The First Navy Pacific Flight
On August 31, 1925, Commander John Rodgers and his crew, in the PN-9 No. 1 seaplane, flew 1,992 statute miles from San Pablo, California landing in the ocean near Maui and setting a new world record for a non-stop flight by seaplane.
By Commander John Rodgers
As told to the National Aeronautics Association, October 9, 1925 in New York
(Commander John Rodgers, USN, on August 31 in the PN-9 Seaplane (2 Packard 500 hp engines) flew 1,992 statute miles from San Pablo, California to a point near Honolulu, although he failed to reach his objective, in Honolulu. This “failure” constituted a new world record for a non-stop flight by seaplane. Following are excerpts from Commander Rodgers’ own story as told to the National Aeronautic Association, October 9, 1925 in New York City.)
“We picked up the first destroyer two hundred miles out of San Francisco, right ahead, and that was a great relief to me. It certainly gave me the assurance that my compass and methods were all right.
"Soon after we passed the first—about an hour, I think, after we passed the first ship—the other plane, the PN-9 No. 3 was forced down, and a successful landing was made, although of course that plane was still very fully loaded with gasoline, and that full load was—gross load—was 20,000 pounds, ten tons.
"That plane made a successful landing at night on a rough sea; and I think it is one of the greatest pieces of seagoing airmanship that has ever been accomplished. The hull stood up very well under the strain, but the flow was so great that the gasoline tanks, which originally were square, were bulged out so they were perfectly cylindrical.
"We continued the flight and picked up all the station ships without any trouble during the night. In the morning, the clouds cleared up; the sun came out fine and bright; everything was fine. But there wasn’t any of that wind that we needed to push us along.
“Well, we passed the eighth station ship, the 1,600 mile mark, and decided to land at the 1,800 mile mark. It never occurred to me, that having picked up all these other ships without any difficulty, we would have any difficulty in picking up the one that we really wanted to pick up. It really didn’t make much difference whether we picked up the others or not.
"Something happened to the navigator or something; I don’t know what it was; but anyway when we got to the place where I thought we ought to see this ship, we didn’t see her. We flew down a radio bearing, and chased around for about an hour, following different radio bearings, and finally the gasoline gave out, and so naturally the engine wouldn’t run any more and we came down.
“The landing was made under very difficult circumstances, since there was no power. That means that we only had one chance. The pilot, Lieutenant Connell, was at the wheel, and he did it perfectly, although he had been sitting in the pilot’s seat all during the flight.
"Well, I kept a record of our courses and I plotted them up, and I found we were about 50 miles north of the Aroostock’s position, and a little later I got some sights, and I found it was right. And then we rigged an antenna, so we could hear messages all right, but we couldn’t send because we required the engines to drive the generator, which made the juice, to do the sending; and we didn’t have any gas to make the engines go; so we didn’t have any juice to send.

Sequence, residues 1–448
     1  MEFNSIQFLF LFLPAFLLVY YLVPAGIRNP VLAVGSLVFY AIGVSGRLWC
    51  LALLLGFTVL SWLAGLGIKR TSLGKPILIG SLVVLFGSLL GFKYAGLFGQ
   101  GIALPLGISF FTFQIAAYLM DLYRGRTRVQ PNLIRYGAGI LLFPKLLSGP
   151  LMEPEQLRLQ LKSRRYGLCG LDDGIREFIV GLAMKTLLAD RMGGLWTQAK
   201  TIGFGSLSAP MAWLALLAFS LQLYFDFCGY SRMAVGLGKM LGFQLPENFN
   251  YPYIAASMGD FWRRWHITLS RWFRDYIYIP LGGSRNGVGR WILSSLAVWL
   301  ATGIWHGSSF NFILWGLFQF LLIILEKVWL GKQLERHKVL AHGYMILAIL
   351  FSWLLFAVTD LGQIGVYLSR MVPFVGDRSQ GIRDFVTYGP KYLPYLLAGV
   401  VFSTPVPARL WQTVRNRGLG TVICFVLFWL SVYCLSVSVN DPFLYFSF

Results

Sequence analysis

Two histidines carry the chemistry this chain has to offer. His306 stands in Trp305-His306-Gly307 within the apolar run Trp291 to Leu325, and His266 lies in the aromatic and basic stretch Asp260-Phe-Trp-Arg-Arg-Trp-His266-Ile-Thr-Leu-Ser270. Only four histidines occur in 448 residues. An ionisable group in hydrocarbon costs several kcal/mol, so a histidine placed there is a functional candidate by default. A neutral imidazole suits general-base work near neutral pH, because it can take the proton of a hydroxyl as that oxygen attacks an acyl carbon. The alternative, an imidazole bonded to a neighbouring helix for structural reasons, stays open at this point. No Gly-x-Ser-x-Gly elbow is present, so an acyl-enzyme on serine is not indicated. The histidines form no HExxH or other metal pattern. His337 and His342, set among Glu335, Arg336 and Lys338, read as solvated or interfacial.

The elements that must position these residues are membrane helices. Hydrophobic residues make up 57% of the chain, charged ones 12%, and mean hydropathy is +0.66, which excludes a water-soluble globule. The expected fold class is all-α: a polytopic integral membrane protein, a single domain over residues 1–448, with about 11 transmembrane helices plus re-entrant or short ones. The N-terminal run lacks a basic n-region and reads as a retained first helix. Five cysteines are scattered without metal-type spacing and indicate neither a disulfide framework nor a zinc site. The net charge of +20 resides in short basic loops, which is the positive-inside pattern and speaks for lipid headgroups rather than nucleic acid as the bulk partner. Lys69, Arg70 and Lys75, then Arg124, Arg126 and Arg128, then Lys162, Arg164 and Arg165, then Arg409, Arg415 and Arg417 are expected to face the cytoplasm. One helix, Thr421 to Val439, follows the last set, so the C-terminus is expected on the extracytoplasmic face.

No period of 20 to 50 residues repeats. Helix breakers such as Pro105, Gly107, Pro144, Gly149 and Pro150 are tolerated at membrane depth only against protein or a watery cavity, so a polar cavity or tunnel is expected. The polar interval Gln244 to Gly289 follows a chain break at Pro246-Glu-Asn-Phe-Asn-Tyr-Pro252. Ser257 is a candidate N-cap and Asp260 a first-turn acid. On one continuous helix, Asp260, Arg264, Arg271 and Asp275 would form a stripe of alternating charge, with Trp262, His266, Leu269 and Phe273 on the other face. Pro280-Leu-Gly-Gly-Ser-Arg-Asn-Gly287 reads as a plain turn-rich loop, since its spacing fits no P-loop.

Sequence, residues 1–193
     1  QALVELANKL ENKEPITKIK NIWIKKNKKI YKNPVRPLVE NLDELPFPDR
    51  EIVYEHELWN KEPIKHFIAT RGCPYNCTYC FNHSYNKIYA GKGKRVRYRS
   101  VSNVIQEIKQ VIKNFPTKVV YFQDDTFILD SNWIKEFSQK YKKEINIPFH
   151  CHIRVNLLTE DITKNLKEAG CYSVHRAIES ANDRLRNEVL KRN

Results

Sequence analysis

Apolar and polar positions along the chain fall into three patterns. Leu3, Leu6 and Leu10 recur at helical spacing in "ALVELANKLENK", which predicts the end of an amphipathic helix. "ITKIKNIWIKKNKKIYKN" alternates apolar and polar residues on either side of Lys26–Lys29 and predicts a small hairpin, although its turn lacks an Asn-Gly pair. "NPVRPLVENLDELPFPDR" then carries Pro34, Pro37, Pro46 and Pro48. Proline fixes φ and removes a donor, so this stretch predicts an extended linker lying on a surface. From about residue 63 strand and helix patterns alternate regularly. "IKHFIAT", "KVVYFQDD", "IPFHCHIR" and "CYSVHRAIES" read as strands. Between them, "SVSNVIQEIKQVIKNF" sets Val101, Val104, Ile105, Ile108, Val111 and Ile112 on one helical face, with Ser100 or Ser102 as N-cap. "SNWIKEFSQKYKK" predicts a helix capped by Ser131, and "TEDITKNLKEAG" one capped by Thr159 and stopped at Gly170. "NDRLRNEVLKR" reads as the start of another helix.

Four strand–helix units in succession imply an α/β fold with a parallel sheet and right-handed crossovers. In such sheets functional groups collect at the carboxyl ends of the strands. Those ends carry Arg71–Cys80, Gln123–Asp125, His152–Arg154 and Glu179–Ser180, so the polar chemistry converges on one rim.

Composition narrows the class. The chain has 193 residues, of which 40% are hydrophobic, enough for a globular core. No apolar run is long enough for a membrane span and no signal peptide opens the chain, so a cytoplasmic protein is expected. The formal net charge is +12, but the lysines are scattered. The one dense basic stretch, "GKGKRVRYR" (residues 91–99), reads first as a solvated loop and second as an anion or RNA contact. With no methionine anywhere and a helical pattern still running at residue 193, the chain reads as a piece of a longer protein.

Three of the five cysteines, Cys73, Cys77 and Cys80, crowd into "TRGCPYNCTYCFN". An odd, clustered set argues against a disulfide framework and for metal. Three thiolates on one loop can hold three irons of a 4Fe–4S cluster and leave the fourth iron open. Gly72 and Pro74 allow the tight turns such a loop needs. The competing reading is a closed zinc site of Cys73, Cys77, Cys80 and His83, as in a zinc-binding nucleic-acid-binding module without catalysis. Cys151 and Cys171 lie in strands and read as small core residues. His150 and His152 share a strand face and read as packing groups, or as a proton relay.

Well, we didn’t worry very much about that. We thought some fellow would come and pick us up pretty soon, and give us a little gas, and we would get off, and go merrily on our way. So we held everything together then; we could see what was going on; we could see when the ships came near, and when they went back and it did not take us long to find out that we were not probably going to get picked up at all.
“So along about the second day, we stripped the fabric off the lower wing, and rigged them up for sails between the wings, and we started the sails for Nawiliwili, Hawaii. That was the last stopping place in the Hawaiian Islands; and we had to pick that out, because the wind blew in that direction.
"We would have had a very pleasant trip of it, but we didn’t have any water, or not much water. We had two quarts a piece when we started. It wasn’t until the eighth day that a rainstorm came right over us. Then we got quite a lot of water, a couple of gallons.
"We were fixed up fine, although the fabric we caught it in had been painted with aluminum paint, and that chipped off and mixed with the water, and it didn’t taste very good. But still it didn’t prevent us from drinking it.
“On the seventh night we were about 40 miles north of the island of Oahu. That’s where all the Army is in the City of Honolulu, and that night we saw the Army searchlights at Brill, reflected on the prow. So that refreshed everybody, and checked up my navigation all right, which was more of a relief to me than it was to anybody else I think.
"And then in the morning, we could see through the haze or rain—we could see part of the Island of Oahu; but it did not seem possible that we could make it, although by that time Connell had invented leadboards.
“He had dug up some metal floor boards and hung them over the sides, so that instead of going just before the wind, we could make 15 degrees on either side of it. And if he had only been smart enough to think of that about four or five days before, we might have gotten into Honolulu, and gone ashore, and telegraphed to the commandant that we were there.
That night—that was the last night; it was a rather hard night for me, because I had made the decision to go on, and the responsibility was mine for getting over to the Island of Kauai. And sure enough, in the morning, we picked up this Island of Kauai, just where we thought we were going to get it, and we headed down for the harbor of Nawiliwili under full sail.”